Legal parenthood in surrogacy: shifting the focus to the surrogate’s negative intention – Journal of Social Welfare and Family Law

Posted May 2nd, 2024 in birth, news, parental rights, surrogacy by sally

‘This paper examines how legal parenthood should be allocated in surrogacy under English law. I argue that we need to shift the focus of the discussion to the surrogate’s negative intention to not be a parent as the key to move away from the current gestational model of motherhood. This has three main benefits that are explored in this paper. First, it respects surrogates’ voices and construes them in terms of their autonomy and agency, rather than solely in terms of their vulnerability. Second, it provides a conceptually robust basis for recognising legal parenthood of the intended parents at birth, since the surrogate’s negative intention is construed as the trigger for the application of specialised rules on parenthood. Third, it serves as a guiding principle in developing appropriate and comprehensive protections for the surrogate, including recognising the intended parents as the legal parents at birth, the parameters of the surrogate’s right to withdraw consent, and further safeguarding requirements and checks before entering into a surrogacy agreement. Overall, focusing on the surrogate’s negative intention allows us to view surrogacy in a nuanced way, away from false dichotomies, and contributes to a more compelling case in favour of actively facilitating surrogacy.’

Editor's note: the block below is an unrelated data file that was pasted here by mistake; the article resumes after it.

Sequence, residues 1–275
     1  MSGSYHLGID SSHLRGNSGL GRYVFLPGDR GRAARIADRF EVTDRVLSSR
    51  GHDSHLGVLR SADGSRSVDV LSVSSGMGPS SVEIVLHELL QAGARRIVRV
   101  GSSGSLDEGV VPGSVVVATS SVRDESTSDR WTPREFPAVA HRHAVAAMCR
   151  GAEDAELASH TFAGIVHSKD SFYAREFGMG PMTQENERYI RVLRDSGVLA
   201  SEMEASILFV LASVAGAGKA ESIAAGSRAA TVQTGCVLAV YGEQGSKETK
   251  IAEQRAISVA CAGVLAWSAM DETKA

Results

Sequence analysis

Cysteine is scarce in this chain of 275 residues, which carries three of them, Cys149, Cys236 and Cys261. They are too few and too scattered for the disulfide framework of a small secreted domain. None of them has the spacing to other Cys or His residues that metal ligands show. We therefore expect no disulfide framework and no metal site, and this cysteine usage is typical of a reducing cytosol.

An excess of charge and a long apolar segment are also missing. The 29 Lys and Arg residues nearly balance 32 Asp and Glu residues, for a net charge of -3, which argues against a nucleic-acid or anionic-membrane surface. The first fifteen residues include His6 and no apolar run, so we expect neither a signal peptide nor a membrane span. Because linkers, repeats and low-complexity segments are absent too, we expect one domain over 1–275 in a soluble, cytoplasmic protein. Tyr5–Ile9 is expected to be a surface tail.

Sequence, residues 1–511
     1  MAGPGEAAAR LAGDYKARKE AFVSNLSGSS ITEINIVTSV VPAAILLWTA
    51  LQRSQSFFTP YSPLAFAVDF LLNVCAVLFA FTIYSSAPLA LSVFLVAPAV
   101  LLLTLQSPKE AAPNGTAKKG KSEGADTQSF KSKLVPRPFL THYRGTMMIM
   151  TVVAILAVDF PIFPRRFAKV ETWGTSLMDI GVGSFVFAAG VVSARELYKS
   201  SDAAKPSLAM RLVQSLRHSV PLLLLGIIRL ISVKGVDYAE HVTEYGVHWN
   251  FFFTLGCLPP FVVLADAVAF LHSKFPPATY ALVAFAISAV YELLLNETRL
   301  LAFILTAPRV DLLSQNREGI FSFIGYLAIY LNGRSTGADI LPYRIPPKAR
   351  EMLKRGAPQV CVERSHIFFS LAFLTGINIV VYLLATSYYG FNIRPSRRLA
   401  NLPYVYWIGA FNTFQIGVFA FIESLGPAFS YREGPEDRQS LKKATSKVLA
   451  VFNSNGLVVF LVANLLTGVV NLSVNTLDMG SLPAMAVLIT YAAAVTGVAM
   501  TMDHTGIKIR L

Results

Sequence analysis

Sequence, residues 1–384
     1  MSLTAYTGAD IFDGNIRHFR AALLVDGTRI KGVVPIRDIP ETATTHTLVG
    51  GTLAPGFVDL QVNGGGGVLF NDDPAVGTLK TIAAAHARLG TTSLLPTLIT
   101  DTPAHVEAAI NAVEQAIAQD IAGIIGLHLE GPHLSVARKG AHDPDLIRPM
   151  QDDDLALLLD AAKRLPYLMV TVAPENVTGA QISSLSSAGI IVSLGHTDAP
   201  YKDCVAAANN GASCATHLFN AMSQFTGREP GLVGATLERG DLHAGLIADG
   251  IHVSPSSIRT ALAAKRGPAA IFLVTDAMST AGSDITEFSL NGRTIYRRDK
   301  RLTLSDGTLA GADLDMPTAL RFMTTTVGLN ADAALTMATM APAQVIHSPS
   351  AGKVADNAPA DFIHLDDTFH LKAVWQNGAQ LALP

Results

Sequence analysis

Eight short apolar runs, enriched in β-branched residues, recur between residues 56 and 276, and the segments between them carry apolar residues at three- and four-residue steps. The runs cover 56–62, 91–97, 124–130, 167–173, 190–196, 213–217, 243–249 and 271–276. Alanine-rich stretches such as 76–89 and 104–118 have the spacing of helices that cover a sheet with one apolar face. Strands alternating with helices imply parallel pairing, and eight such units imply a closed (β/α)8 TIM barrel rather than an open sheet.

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Journal of Social Welfare and Family Law, 30th April 2024